In Ohio, prisoners must follow a three-step grievance procedure to complain about alleged misconduct. First, within 14 days, inmates must file an informal complaint to the staff member's direct supervisor or the responsible department. If the inmate gets no written response within a reasonable time, the inmate should contact an institutional inspector in writing or in person. If the inmate gets no response in four days, "the informal complaint step is automatically waived." Second, if the inmate has gotten no response or is dissatisfied with the response, he or she may file a notification of grievance within 14 days. The inspector must respond in writing within 14 days or get an extension. Third, if the inmate is dissatisfied with the outcome, he or she may appeal to the office of the chief inspector within 14 days.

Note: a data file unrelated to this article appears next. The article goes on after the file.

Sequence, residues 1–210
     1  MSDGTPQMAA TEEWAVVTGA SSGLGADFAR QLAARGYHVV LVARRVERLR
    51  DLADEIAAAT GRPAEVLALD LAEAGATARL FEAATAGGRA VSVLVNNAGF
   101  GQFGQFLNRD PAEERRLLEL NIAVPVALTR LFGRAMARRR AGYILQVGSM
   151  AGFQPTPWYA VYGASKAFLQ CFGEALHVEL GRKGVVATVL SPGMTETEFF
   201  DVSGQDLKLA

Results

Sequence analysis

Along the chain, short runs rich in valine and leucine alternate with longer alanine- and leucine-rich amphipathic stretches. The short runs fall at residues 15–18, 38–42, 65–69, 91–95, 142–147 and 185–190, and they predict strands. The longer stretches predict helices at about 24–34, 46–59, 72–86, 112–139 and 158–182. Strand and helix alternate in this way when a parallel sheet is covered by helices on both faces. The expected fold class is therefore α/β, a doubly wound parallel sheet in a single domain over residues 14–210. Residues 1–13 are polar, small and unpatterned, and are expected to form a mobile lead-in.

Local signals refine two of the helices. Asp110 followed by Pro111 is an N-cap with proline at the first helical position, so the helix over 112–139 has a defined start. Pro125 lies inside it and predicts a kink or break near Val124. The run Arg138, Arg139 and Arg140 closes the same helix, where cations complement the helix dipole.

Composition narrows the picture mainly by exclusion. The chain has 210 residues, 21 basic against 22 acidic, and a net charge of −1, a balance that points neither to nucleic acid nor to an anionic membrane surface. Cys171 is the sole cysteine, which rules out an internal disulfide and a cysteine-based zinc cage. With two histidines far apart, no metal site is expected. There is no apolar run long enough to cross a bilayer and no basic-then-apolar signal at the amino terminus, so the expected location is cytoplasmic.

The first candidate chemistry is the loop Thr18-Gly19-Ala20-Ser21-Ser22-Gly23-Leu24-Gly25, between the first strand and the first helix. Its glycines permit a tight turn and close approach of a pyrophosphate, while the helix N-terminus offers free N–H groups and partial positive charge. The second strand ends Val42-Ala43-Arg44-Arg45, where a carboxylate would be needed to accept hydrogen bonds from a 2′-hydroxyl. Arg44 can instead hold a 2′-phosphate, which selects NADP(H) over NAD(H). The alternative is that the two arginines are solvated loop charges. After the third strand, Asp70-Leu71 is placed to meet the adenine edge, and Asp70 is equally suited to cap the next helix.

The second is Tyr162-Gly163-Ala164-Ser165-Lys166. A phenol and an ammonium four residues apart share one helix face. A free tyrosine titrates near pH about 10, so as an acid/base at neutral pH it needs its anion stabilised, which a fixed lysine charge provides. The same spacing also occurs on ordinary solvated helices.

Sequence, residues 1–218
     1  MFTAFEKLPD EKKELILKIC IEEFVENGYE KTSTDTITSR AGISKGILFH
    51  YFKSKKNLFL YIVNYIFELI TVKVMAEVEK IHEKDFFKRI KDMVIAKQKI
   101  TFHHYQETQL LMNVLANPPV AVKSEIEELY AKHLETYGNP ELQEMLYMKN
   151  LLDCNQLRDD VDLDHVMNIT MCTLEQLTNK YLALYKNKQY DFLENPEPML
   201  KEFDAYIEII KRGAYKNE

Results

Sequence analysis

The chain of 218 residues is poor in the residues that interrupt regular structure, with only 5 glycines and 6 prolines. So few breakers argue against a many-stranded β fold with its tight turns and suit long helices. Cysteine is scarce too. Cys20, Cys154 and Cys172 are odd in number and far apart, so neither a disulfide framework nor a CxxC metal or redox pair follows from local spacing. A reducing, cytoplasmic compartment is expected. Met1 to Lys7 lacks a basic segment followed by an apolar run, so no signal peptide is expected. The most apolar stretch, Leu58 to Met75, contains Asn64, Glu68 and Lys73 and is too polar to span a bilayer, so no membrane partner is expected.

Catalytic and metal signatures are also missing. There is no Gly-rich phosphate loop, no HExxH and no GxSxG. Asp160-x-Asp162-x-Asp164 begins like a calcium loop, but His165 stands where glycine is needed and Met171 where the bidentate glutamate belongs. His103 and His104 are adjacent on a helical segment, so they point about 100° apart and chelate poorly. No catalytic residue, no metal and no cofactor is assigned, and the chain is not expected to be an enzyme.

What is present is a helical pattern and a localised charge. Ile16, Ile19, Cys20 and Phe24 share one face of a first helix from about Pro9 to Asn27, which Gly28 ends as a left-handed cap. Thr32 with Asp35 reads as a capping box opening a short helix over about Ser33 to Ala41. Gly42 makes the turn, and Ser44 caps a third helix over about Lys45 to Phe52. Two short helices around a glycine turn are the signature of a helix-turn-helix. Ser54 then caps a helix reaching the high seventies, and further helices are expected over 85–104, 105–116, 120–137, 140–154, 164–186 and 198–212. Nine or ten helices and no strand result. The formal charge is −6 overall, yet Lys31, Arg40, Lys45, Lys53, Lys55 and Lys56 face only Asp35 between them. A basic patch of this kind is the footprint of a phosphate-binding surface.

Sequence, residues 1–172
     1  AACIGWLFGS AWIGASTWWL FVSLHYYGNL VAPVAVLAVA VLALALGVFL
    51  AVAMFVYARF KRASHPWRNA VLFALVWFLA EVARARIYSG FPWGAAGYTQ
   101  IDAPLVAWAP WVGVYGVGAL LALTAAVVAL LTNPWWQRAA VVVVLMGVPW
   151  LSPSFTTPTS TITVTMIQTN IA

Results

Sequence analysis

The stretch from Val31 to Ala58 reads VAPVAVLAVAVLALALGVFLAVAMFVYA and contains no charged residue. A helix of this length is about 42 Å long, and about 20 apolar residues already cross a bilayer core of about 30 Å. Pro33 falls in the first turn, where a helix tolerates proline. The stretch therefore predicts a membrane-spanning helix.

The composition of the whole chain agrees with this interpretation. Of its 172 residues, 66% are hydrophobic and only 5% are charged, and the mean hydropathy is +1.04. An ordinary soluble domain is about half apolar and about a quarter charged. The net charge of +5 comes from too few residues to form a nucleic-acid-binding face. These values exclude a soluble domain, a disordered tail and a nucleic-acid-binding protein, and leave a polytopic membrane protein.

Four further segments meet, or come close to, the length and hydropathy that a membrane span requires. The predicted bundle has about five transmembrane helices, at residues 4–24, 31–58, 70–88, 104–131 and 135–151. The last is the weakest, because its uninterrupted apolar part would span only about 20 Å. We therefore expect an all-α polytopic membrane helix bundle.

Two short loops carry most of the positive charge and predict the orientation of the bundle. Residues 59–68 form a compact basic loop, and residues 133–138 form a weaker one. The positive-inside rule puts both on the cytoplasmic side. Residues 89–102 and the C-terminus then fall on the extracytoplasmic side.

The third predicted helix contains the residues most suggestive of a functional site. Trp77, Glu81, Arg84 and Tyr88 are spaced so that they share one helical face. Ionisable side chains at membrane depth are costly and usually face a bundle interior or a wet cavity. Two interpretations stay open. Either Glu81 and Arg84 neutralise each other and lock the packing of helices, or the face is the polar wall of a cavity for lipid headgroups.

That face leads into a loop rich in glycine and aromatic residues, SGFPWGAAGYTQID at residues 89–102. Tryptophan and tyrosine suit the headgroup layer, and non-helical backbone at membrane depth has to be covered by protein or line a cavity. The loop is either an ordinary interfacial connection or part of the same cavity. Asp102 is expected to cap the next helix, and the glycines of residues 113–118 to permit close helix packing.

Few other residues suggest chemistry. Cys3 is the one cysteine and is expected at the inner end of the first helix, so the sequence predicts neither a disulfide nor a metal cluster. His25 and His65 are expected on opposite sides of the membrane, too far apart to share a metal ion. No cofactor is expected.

Here, the inmate argued that on the same day as the assault, he submitted an informal complaint to the corrections officer's supervisor, which initiated the first step of the grievance process. The inmate never got a response. Thus, he moved to the second step and submitted a notification-of-grievance form to the inspector of institutional services. The inmate again got no response, so he sent, via internal prison mail, correspondence to prison personnel asking about the status of his grievance. After receiving no response for the third time, he filed a § 1983 civil suit alleging violations of his Eighth and Fourteenth Amendment rights.